Human immunodeficiency virus type 2 (HIV-2) is a pathogenic human retrovirus with a distinct natural history and lineage derivation from pandemic HIV-1. HIV-2 infections in humans are the result of zoonotic transmission from sooty mangabey monkeys naturally infected with SIVsm. Unlike HIV-1, HIV-2 infects other non-human primate species, including baboons and macaques. We determined the infectivity and infection kinetics of a Gambian-origin HIV-2 isolate HIV-2SBL6669 strain in Mauritian-derived cynomolgus macaques (MCM) in the context of a heterologous superinfection resistance study. The ability of HIV-2 to replicate in unvaccinated MCM with limited host genetic MHC and TRIM5 spectrum was determined where the kinetics of plasma HIV-2 RNA mimic the phenotypic response typically observed in HIV-2-infected humans. HIV-2SBL669 replication is not completely restricted in this species and may establish a persistent infection. This is determined by moderate peak viral loads (105–6 log10 HIV-2 RNA copies/ml) controlling to a low level determined by qRT-PCR and detectable in-situ hybridisation signals in lymphoid tissue 20 weeks after challenge. In MCM vaccinated for 20 weeks with an attenuated SIV, we observed high levels of superinfection resistance as determined by virus-specific PCR analysis of tissues and low total plasma viral RNA levels in vaccinates compared to unvaccinated HIV-2 controls. Recovery of whole viral genome and next generation sequence analysis of challenge controls, including low-level breakthrough variants characterises viral challenge and vaccine-escape viruses. HIV-2 in cynomolgus macaques recapitulates many of the features of HIV-2 infections in humans.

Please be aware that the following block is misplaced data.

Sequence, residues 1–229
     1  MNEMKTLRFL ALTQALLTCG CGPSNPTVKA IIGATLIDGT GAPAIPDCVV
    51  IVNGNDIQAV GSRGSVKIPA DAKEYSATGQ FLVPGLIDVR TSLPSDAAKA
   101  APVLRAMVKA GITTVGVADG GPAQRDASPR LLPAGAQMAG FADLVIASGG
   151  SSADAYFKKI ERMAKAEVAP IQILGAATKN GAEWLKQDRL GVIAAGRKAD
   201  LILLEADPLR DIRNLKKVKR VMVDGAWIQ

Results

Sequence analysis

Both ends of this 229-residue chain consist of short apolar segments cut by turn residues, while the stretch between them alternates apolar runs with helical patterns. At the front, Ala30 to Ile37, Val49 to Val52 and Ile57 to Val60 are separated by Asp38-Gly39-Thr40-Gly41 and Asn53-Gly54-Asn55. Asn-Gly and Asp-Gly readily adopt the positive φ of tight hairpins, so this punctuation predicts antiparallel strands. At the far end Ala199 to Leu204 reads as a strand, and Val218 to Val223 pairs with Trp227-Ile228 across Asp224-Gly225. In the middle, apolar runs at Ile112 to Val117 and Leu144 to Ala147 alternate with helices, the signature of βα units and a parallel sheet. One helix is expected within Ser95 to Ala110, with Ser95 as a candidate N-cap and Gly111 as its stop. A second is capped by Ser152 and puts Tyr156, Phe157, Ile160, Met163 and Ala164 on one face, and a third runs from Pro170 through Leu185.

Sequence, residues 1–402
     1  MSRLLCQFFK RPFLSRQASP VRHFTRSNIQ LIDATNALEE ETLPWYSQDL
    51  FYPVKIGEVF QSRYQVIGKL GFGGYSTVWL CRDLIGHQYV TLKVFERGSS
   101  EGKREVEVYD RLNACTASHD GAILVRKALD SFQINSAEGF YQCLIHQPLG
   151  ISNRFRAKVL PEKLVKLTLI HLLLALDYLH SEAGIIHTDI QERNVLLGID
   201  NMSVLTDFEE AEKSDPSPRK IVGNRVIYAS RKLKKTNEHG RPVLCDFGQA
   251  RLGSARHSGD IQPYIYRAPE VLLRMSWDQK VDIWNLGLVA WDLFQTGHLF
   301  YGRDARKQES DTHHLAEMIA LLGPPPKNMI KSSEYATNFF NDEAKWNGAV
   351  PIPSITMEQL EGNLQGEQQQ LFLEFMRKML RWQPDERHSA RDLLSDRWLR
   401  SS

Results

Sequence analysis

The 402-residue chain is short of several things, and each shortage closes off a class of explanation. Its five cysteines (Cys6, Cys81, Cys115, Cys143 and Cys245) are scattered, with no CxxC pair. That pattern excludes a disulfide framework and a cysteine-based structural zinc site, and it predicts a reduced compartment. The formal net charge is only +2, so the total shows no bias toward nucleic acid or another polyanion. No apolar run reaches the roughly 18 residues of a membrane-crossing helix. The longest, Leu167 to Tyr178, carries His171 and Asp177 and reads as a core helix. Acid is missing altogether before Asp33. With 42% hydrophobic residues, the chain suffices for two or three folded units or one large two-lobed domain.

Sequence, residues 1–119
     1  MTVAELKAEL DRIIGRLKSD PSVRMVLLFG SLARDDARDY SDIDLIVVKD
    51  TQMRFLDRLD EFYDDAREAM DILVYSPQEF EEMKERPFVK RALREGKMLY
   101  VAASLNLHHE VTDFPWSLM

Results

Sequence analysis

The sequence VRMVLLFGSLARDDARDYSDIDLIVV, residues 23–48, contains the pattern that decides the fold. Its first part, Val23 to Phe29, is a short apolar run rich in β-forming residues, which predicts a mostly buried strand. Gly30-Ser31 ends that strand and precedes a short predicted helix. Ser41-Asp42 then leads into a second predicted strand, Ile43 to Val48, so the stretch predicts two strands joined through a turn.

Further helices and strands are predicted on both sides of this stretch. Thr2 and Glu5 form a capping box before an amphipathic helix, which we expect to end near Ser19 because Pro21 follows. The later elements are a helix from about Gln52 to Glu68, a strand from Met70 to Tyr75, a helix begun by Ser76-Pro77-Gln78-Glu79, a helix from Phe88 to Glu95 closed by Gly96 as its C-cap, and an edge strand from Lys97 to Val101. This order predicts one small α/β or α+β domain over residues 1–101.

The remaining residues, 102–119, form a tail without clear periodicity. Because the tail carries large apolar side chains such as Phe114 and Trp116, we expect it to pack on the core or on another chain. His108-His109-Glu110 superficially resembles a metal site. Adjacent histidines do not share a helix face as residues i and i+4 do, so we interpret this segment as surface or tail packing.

• This is an open-access article distributed under the terms of the Creative Commons Attribution License, which permits unrestricted use, distribution, and reproduction in any medium, provided the original work is properly cited.

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